– If you are new here, I’m
Toby Smithson, dietician, diabetes educator and a
person living with diabetes, successfully living with diabetes. Please hit subscribe on my YouTube channel here at DiabestesEveryDay. This channel is all
about diabetes, type one, type two diabetes and how to successfully manage diabetes enjoying life
and living it to its fullest. So, join me and hit subscribe. So, summertime is here. Yeah, one of my favorite
seasons of the year. And, interesting, I’ve been getting a lot of questions about
melon from my patients, wondering if they could have melon or actually thinking
they can’t have melon. Many people, especially
talking about watermelon, thinking there’s too
much sugar in watermelon. So, I wanted to have this
conversation with you to get the facts out and
get the facts straight. First of all, couple lessons to learn, we’re looking at total
grams of carbohydrates when we’re looking at a food product, not grams of sugar. So the grams of sugar are added into the total grams of carbohydrate. So for watermelon, for
example, the serving size is actually one and 1/4
cups of cubed watermelon, which, to me, I think
that’s a nice serving. And for honeydew and cantaloupe, it’s a serving of one cup cubed. Still, a really nice serving. So, we’re not talking about grams of sugar when we’re looking at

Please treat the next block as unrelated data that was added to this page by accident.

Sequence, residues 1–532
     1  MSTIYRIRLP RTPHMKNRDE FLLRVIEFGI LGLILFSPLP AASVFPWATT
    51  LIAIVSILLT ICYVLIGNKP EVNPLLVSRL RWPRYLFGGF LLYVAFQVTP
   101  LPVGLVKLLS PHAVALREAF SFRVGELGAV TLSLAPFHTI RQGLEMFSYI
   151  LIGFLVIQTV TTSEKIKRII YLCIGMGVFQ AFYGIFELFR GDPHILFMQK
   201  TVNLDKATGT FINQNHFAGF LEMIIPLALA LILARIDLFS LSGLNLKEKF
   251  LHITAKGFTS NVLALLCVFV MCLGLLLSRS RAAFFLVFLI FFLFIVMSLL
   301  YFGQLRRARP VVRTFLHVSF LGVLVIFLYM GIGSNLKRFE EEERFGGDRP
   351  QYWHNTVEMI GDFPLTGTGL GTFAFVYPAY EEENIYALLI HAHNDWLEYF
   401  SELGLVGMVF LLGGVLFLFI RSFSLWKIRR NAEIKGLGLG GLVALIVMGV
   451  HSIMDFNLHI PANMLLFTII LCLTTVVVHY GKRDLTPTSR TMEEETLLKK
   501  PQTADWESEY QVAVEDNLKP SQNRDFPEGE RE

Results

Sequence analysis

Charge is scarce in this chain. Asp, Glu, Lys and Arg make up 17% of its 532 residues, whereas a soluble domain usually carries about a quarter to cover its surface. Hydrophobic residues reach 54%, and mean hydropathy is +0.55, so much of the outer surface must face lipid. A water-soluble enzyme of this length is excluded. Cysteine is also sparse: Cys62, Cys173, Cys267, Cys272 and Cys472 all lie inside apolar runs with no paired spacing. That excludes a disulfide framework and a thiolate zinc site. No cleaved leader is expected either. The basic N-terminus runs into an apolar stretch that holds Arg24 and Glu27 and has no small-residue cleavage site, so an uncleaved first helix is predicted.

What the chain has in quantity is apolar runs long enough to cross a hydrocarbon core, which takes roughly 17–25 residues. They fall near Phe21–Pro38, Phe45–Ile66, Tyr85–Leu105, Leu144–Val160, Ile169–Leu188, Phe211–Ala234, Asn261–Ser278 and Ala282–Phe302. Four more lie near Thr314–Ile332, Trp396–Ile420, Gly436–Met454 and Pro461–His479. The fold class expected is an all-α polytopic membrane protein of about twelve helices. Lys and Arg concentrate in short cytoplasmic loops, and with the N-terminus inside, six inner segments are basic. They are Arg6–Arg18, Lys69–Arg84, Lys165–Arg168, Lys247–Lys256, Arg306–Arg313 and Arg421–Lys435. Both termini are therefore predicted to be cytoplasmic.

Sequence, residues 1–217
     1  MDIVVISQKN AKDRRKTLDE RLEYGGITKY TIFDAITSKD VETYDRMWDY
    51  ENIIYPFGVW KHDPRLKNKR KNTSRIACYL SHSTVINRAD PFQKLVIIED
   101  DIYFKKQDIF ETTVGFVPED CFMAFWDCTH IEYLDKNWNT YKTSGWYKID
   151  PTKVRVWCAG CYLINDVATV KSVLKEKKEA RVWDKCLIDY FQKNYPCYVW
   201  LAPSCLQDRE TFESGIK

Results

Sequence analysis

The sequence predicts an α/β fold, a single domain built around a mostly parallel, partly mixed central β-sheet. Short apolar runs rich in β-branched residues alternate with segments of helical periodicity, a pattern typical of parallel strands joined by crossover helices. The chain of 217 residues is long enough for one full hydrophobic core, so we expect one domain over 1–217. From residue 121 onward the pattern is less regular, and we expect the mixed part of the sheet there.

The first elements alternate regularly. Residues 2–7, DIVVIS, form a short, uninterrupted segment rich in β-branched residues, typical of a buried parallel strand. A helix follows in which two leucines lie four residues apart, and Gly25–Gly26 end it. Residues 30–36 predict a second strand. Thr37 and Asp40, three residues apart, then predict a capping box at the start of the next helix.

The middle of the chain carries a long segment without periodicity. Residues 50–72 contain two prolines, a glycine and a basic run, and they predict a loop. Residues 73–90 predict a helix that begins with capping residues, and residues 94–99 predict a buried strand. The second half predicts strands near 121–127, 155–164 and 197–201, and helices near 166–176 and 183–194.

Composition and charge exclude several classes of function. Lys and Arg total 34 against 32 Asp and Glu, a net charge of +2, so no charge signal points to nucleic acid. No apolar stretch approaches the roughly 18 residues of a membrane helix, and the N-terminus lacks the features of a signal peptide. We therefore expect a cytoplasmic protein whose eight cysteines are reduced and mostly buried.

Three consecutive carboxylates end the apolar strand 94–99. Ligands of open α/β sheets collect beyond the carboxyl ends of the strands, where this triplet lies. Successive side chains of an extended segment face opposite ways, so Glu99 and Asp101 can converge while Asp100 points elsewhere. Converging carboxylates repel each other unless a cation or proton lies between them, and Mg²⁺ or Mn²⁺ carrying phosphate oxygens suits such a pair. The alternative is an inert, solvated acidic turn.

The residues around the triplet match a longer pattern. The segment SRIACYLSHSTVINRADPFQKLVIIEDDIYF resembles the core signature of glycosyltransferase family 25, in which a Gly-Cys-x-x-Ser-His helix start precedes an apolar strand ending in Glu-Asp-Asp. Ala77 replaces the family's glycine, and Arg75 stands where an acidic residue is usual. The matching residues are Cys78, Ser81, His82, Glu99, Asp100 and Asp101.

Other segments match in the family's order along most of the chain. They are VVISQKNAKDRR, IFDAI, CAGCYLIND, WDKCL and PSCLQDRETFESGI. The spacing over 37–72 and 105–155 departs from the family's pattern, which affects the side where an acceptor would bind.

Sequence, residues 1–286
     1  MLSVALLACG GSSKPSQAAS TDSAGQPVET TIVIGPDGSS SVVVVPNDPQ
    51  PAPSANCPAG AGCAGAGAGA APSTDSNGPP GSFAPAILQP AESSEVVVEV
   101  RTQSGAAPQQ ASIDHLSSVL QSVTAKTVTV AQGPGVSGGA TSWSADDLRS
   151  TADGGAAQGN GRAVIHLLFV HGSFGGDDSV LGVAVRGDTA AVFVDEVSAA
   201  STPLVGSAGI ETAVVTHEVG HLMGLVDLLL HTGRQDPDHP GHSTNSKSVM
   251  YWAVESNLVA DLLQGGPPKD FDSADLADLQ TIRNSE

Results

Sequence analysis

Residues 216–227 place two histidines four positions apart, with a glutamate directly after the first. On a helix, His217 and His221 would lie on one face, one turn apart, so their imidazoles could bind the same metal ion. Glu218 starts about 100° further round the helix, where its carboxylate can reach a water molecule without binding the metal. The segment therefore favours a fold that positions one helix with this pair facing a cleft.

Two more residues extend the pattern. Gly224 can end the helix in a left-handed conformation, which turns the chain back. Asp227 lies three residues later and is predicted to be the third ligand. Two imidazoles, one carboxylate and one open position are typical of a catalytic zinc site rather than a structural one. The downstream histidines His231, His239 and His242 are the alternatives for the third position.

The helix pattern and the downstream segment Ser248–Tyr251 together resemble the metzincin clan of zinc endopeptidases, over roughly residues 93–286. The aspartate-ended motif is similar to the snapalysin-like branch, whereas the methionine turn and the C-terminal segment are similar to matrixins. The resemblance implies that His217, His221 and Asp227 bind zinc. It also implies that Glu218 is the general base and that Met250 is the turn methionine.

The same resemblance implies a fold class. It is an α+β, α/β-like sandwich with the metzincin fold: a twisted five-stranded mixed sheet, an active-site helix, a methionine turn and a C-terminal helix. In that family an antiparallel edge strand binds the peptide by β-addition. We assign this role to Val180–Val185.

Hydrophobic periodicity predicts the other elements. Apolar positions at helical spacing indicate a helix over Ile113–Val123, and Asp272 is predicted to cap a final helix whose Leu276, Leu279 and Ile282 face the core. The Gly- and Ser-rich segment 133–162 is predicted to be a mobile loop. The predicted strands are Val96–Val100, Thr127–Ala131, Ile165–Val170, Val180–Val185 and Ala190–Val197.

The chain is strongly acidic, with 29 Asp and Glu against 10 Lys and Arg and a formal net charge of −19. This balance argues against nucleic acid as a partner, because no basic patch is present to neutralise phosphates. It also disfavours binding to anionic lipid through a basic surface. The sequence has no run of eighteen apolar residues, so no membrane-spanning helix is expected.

foods but we’re looking at total grams of carbohydrate. And these portions that I just mentioned are 15 grams of carbohydrate portion sizes and that’s what we use for carb counting. And it makes doing the
math a little bit easier by doing 15 gram increments. So when we’re talking about
a serving size of food we usually are referring to,
for grams of carbohydrate, 15. So, facts. One and 1/4 cup of watermelon is a serving of carbohydrate or 15
grams of carbohydrate and one cup of cubed cantaloupe or honeydew is also a serving. I want to make sure that we’re including fruits in our diet. After all, they provide lots
of vitamins and nutrients. The important point,
though, when we’re looking at carbohydrates and
managing blood sugar readings is that we can have a
serving of melon, like this. We just can’t have the whole melon. (crunching)

## 2 thoughts on “Does Melon Really Have Too Much Sugar For Diabetes?”

1. Group Medical Supply, LLC says:

Thank you for sharing this information–especially for our Midwest Summers because we love melons!

2. Steve Edelstein says:

This video should be required viewing for everyone with Type II who loves fruit. Thanks.